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I think newcomers miss out on a lot of good existing answers because we don't rather forcefully suggest they look for duplicates when they ask a question.

How good is the question search, and could some kind of structural overview make it even better?

I don't mean to go all 'Clippy' on them ("You appear to be composing a suicide note. Would you like help?" http://knowyourmeme.com/memes/clippy). But it might be fruitful to immediately run new questions through some mill that points the writers at tag-categories and past questions.

I continually find newly given answers that are actually better answers to questions that I have totally lost track of. So I cannot even give the references easily in comments.

At the risk of scaring some folks who thought their insight was novel, this might give serious newcomers some context for their thought, and get them to edit before we have to ask them to.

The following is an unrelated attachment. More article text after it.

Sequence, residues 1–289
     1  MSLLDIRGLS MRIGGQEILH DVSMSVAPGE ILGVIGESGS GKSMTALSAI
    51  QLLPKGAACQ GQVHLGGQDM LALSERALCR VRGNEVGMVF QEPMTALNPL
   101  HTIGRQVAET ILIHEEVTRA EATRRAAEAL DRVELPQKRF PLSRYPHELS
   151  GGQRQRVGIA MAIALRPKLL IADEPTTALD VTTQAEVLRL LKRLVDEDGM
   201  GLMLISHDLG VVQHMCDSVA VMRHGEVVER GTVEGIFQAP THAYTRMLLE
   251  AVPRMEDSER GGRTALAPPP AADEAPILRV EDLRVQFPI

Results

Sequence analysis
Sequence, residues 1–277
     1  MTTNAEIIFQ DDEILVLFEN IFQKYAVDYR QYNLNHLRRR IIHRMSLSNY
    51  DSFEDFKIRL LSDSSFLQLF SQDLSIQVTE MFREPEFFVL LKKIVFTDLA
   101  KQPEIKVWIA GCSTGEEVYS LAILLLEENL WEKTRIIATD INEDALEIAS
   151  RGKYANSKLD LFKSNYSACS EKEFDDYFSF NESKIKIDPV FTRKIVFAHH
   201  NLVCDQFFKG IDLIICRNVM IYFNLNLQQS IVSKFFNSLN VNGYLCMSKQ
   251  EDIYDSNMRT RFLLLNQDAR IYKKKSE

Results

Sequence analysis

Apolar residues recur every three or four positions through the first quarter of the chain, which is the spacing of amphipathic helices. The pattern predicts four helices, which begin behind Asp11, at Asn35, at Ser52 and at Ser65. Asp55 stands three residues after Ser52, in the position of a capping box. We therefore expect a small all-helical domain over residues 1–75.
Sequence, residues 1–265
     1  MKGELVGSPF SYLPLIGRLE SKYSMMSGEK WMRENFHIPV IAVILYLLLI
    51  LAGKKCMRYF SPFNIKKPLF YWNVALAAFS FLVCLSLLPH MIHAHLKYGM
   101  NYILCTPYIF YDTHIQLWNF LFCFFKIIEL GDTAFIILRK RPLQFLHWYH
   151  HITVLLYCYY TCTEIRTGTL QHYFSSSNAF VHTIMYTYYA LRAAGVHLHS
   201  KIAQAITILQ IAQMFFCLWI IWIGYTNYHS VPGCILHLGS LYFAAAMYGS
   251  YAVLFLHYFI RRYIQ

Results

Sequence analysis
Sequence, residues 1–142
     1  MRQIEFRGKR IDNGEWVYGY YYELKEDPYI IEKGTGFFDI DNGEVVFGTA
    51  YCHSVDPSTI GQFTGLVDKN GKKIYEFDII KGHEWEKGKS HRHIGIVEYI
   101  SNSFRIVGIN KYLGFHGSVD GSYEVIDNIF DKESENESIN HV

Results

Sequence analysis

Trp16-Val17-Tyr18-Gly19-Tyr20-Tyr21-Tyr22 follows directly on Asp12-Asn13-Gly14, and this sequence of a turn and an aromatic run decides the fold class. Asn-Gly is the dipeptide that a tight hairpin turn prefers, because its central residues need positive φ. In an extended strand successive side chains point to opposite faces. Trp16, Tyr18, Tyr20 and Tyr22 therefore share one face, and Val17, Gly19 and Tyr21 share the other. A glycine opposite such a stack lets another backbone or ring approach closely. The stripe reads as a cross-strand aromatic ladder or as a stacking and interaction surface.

I think good examples of good questions up front might be a better way of getting good questions than pointing them at suggestions that feel more like rules. (This last may be complete bias. As someone whose fourth and fifth most common references here so far are Wittgenstein and Nietzsche, I find rules fascinating, but have little intention of following them. And I would obviously like more people like me here.)

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Posting this meta question is a good start!

Why not do a series of "spring cleaning" challenges where we build lists around potential issue categories? There could be different questions for each category we want people to dig through the archives for (duplicates, spam, off-topic, etc.)

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